The Israeli compensation to the Marmara families, the oil supply through Turkey and Israel’s economic interests are some of the reasons that should be taken into account when dealing with Erdogan.
By Shimon Shiffer,

If anyone is looking for a proper metaphor to describe the deep rift in Israel’s relations with Turkey in recent days, I would like to suggest the comment I heard Tuesday evening from a senior official who took part in maintaining the strategic ties between the two countries: “We have reached the precipice,” he said, “and neither side should jump.”

On the one hand, Turkish President Recep Tayyip Erdogan accuses Prime Minister Benjamin Netanyahu of having the blood of Palestinians on his hands. On the other hand, Netanyahu replies that Erdogan is the last person who can preach to Israel, being responsible for the massacre of Kurdish citizens in Turkey and Syria.

On the one hand, Turkey expels our ambassador from Ankara, and on the other hand, Israel responds by sending the Turkish consul in east Jerusalem home.

Here are a few facts we should be aware of before we stop playing by the rules with Ankara, which will explain why we should sometimes grind our teeth and carry on instead of slamming the door shut.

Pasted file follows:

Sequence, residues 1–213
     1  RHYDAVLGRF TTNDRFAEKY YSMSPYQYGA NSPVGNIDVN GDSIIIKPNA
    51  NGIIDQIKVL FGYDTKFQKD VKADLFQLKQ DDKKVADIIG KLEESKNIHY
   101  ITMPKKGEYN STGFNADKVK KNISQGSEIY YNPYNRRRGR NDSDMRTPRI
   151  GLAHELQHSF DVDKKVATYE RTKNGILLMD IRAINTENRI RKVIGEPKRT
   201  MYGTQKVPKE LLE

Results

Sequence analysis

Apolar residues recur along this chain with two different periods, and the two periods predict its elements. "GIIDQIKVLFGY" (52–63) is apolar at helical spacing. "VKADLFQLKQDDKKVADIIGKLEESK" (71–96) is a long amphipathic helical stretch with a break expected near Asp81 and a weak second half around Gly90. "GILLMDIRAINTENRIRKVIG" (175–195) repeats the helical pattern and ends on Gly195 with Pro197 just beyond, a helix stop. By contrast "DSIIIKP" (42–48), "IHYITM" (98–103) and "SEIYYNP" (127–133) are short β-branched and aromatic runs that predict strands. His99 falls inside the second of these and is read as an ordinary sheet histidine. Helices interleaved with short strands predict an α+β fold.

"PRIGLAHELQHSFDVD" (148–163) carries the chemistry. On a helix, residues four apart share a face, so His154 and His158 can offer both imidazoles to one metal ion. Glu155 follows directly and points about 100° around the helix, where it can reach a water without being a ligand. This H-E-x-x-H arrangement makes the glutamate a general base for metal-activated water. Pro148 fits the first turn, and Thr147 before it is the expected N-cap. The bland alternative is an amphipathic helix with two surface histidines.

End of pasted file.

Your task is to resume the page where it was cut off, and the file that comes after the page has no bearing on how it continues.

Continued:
First of all, two years ago Netanyahu agreed—despite the objection of many of his ministers—to pay $21 million to the families of the Turkish citizens killed in the 2010 IDF raid on the Mavi Marmara ship. The agreement led to a reconciliation between the two countries and included a Turkish promise to drop the court cases against the IDF leaders and the soldiers who were involved in the raid.

Second, a major portion of the oil supply to Israel from former Soviet countries arrives in Israel through pipes passing through Turkey.

Third, Turkey complies with the Israeli intelligence community’s requests to prevent Hamas leaders and others from executing terror attacks against Israeli targets around the world.

Fourth, Israel has highly important economic interests in which the Turkish government encourages cooperation.

On the other hand, Erdogan is trying to violate the status quo concerning Islam’s holy sites in Jerusalem. He sees himself as an Islamic leader trying to “steal the show” at the Temple Mount from the Palestinians and the Jordanians.

And there’s one more thing which has to be taken into account when dealing with Erdogan: Several years ago, Israel was on the brink of a military conflict with Turkey, and IAF planes were on a course of collision with Turkish military aircraft.

The bottom line is that the crisis with Turkey is part of an overall front launched against Israel in recent days in Europe, Asia and South Africa. In other words, almost the entire world is against us. Netanyahu, in his position as foreign minister, has failed miserably in alleviating the international rage against Israel